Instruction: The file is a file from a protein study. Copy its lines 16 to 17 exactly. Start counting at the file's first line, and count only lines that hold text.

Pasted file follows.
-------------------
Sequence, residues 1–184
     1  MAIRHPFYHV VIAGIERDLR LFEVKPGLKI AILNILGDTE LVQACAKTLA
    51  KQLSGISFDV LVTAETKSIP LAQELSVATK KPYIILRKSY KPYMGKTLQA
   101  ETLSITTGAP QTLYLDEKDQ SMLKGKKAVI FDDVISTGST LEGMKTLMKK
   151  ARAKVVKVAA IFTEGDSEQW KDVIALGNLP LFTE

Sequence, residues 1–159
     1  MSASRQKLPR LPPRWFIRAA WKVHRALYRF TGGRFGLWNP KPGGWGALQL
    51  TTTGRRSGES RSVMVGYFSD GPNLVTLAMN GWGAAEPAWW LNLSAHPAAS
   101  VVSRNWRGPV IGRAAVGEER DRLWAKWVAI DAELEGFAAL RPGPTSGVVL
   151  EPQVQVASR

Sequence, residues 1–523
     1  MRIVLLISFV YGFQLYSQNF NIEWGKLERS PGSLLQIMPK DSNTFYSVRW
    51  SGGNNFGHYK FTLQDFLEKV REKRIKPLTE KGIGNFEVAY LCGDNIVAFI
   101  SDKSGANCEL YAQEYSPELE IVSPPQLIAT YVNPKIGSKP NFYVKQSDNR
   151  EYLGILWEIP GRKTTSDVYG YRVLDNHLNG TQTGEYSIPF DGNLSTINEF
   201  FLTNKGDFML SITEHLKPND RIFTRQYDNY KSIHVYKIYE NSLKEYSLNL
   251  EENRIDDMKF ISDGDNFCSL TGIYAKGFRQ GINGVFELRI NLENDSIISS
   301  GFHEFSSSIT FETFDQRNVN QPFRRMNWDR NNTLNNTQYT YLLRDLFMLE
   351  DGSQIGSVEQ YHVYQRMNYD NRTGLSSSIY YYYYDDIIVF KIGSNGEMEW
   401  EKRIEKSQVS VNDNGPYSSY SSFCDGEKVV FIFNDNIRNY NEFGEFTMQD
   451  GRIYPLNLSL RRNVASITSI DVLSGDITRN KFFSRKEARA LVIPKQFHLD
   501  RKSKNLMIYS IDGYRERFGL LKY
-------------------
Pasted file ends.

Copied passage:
   201  FLTNKGDFML SITEHLKPND RIFTRQYDNY KSIHVYKIYE NSLKEYSLNL
   251  EENRIDDMKF ISDGDNFCSL TGIYAKGFRQ GINGVFELRI NLENDSIISS